On Monday night, Denver City Council voted 7 to 6 to advance a proposal that would create a compromise in a long-standing dispute over apartment parking within the city.
Less than 1 percent of city lots are considered small, or 6,250 square feet and under, but contention has risen over whether or not developers of those lots should be required to build parking spaces for its residents.
City code does not require small lots to create parking spaces for its residents. It benefits developers as they can use that space for extra units.
Long-standing residents that live next to the small lots feel slighted, however, as the lack of designated parking means more competition over already-limited street parking.
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In August 2016, city council passed a moratorium on small-lot exemption after unhappy residents went to the city with their concerns.
“If we want the city to be family-friendly, we've got to have a better infrastructure,” Trisha Huth said, who lives on 16th and Humboldt in City Park West. “We've got to have parking.”
Huth’s neighborhood is at the epicenter of the debate as developers have been given the green light to build 108 micro-units on the corner of 16th and Humboldt.
“We were horrified when we found out what was going on,” she said of the project.
Currently they would be exempt from providing parking, but maybe not for long.
The amendment advanced at Monday’s meeting states that small lot buildings close to public transportation developers would have to provide parking for any units above two stories.
For buildings that aren't near a transit line, developers would have to provide parking for units above the first floor.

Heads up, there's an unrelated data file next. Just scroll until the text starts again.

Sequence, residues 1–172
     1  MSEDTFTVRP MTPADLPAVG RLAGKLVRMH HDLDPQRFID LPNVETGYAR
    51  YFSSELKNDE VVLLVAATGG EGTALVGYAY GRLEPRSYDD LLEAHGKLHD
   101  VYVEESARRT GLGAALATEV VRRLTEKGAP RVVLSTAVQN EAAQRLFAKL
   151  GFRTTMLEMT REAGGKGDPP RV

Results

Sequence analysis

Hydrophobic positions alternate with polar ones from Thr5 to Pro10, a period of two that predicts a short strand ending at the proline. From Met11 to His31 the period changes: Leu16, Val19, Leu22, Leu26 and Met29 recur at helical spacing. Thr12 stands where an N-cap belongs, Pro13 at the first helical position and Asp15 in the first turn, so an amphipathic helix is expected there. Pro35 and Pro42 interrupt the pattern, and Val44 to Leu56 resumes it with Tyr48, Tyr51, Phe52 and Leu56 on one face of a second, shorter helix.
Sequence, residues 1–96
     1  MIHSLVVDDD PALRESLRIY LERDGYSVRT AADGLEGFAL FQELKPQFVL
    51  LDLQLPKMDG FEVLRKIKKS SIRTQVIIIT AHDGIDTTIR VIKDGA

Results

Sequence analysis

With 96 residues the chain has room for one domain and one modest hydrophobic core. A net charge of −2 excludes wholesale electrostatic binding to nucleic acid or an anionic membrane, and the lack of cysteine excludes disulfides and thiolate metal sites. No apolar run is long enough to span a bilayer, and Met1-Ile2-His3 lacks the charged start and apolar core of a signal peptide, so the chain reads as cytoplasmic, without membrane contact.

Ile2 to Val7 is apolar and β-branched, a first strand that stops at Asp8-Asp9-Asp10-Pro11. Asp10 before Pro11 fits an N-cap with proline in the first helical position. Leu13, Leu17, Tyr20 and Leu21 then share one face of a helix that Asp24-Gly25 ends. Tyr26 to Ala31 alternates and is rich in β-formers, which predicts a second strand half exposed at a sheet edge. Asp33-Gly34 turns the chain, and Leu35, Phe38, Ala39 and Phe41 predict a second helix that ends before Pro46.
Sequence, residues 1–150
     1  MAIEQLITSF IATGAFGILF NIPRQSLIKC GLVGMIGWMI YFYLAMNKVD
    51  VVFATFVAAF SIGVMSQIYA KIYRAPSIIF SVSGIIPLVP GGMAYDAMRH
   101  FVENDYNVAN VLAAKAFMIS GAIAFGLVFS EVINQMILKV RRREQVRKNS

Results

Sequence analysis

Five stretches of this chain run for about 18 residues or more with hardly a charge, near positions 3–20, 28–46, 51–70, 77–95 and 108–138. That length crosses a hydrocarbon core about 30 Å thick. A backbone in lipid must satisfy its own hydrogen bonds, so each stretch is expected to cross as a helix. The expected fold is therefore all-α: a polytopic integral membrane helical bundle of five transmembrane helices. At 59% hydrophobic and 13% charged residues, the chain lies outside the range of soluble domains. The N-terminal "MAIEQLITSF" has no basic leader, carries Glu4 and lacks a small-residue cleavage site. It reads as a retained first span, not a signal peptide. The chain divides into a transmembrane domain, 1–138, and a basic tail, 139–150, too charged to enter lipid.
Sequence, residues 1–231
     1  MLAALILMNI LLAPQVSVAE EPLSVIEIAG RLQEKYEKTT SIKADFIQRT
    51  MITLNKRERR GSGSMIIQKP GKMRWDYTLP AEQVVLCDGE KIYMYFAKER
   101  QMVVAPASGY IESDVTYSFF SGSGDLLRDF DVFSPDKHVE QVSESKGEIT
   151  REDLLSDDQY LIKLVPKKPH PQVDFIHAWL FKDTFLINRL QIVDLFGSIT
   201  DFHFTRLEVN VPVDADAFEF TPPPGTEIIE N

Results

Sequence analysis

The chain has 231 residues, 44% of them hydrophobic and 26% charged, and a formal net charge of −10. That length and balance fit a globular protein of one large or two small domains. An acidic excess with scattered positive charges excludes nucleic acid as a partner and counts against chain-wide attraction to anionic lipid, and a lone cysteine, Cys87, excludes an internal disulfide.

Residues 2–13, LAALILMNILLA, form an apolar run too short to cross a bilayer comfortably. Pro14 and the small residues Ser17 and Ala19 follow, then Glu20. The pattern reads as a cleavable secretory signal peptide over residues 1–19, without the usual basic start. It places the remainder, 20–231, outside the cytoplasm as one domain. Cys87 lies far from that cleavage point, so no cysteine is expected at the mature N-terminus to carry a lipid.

The idea is to satisfy neighbors from both ends of the debate.
“Excessive parking does not make for strong cities,” John Riecke said. “It saps culture it saps the economy. It's a space for empty cars and empty cars don't do anything.”
Many, like Riecke, are in favor of the parking exemption for small-lot developments as they think increased competition for parking will deter people from using cars as a main form of transportation.
Riecke has considerable support from groups who advocate biking and using public transportation, saying it’s the direction Denver should be moving in.
“We have a vision for what Denver could be, but we have current market realities of what we are,” said district 9 councilman Albus Brooks.
On Monday, Brooks voted against the proposal, as he was in favor of an amendment that would’ve given small-lot developers less of a burden to provide parking.
“Until we get [to a compromise], there's going to be frustration,” he said.
Monday’s amendment will go to a final vote during the city council meeting on May 1.